lately been spread over the whole North, To repair the moral mischief which East and West, by the South itself. We has thus been wrought, will be no long see but one way of quieting or avoiding task. For the Democratic party of the this agitation, of which that miserable North to maintain its ground on a diffi- poverty-stricken little Ten Miles Square cult and delicate question, like the one must continue the fatal ground, opporunder consideration, when thus tripped tunity and excuse. Let it be given back up-disarmed-pinioned--by the very to Virginia and Maryland. It is perfriends for whom it has done so much, fectly useless to the Federal Governborne so much, perilled so much, and ment. If thought by any desirable, whose rights under the most favorable Congress could still retain sufficient circumstances it finds it so hard to de- contingent authority to serve for its own fend—to do it too in the face of a party protection againt mobs, if such danger elated and high-strung as Abolitionism should ever arise. It could retain the is by its recent demonstration of poli- ownership of all public buildings and tical power-is no child's play. Per- property, with ample guarantees of its severance in similar courses, in a similar own independence, against any possible spirit of administration, would inevita- dangers that could ever assail it. No bly result in arraying the Free and the constitutional amendment is needed for Slave States in irreconcilable antago- this purpose. The action of Congress, nism, and in a violent disruption of the in compact with the two States in quesUnion. God avert such consequences tion, is all that is needed. It would reof our own infatuation !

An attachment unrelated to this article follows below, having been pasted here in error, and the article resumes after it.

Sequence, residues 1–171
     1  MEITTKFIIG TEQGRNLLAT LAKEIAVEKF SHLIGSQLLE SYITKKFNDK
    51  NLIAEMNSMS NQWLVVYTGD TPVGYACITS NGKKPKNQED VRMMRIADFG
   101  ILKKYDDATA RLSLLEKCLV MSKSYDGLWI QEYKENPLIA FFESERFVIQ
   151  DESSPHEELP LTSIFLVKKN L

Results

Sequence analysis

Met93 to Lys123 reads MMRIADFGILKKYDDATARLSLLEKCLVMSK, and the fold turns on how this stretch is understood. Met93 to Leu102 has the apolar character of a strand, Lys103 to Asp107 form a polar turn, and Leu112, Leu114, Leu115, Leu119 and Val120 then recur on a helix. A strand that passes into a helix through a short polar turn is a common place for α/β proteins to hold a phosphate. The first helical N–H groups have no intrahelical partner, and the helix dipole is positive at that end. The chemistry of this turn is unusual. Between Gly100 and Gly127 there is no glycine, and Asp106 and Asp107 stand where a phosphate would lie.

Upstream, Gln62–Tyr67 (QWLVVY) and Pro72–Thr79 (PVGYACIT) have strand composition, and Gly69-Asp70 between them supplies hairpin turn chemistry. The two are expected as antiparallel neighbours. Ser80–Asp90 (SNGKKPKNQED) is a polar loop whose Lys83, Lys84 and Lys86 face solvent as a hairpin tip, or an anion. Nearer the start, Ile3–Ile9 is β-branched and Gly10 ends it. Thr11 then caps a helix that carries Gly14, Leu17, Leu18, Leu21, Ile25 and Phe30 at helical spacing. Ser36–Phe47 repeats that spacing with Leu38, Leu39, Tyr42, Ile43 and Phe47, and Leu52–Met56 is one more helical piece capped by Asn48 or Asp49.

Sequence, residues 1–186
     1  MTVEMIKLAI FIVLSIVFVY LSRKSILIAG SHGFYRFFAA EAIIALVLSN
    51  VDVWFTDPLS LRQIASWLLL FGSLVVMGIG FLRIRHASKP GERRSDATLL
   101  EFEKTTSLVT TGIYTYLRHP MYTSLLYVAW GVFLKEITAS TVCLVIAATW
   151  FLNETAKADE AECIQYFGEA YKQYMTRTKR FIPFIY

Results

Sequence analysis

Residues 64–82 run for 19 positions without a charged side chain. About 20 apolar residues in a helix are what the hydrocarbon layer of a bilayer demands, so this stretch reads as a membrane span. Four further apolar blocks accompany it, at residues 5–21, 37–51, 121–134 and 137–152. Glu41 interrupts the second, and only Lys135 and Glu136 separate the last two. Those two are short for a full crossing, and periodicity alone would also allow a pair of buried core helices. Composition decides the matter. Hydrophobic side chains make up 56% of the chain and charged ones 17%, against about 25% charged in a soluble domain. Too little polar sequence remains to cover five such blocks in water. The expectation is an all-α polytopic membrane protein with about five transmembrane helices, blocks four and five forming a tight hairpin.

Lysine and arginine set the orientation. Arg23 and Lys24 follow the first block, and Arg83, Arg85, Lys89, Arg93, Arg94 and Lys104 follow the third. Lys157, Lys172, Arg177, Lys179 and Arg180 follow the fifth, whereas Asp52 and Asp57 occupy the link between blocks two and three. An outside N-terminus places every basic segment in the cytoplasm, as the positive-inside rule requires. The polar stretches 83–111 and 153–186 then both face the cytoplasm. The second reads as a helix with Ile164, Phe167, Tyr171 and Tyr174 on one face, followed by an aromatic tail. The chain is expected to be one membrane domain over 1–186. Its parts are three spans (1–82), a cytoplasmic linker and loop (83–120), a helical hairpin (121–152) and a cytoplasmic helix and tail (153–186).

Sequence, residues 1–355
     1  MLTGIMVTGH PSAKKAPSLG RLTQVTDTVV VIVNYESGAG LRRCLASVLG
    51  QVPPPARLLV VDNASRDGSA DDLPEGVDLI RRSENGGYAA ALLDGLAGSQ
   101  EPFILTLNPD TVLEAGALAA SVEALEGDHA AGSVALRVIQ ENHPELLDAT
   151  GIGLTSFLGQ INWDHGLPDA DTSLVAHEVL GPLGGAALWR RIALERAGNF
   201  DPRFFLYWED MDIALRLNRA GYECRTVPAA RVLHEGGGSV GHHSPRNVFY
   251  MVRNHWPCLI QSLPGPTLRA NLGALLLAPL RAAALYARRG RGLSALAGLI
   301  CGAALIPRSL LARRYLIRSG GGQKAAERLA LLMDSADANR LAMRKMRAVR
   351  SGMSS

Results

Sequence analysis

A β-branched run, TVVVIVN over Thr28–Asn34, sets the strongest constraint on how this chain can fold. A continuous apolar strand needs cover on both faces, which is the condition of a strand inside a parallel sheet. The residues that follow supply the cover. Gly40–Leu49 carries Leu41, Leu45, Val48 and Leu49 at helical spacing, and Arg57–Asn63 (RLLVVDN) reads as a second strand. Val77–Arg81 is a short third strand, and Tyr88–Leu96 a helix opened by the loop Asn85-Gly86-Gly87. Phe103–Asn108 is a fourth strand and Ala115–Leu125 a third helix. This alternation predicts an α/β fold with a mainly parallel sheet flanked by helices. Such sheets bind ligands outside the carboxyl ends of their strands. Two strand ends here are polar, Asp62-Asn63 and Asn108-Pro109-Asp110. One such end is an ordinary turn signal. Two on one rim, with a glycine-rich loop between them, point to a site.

store the District to some degree of deWe have room in the present article cent local government. It would relieve for but a few words more. Now that the the Federal government from a constant Twenty-Fifth Rule has been rescinded drain upon its Treasury and its time. -now that Abolitionists feel themselves It would settle to general satisfaction thus strengthened and stimulated—now this whole question of national responthat the overthrow of the Whigs has dis- sibility for slavery in this common naengaged such vast numbers of persons tional territory. It would heal an issue from their former relations and objects, which will else long continue to bleed, who constitute natural recruiting ma- perhaps fatally; and it would do more terial for that party—and now that the than any other act that could be done, subject of Slavery has been thus nation- to quiet this weary and dangerous agialized by its own very friends, in a mode tation. It has often been talked of, obnoxious in so many ways to the pub- with more or less earnestness. The lic sentiment of the Free States—there time has now come to do it. Who can can be no doubt that more vehement and oppose any rational objection to the reapowerful agitation of Abolitionism will sons which now so powerfully recomtake place than has yet been known. It mend it ?
THE GHOST OF NEW YORK.
BY CORNELIUS MATHEWS.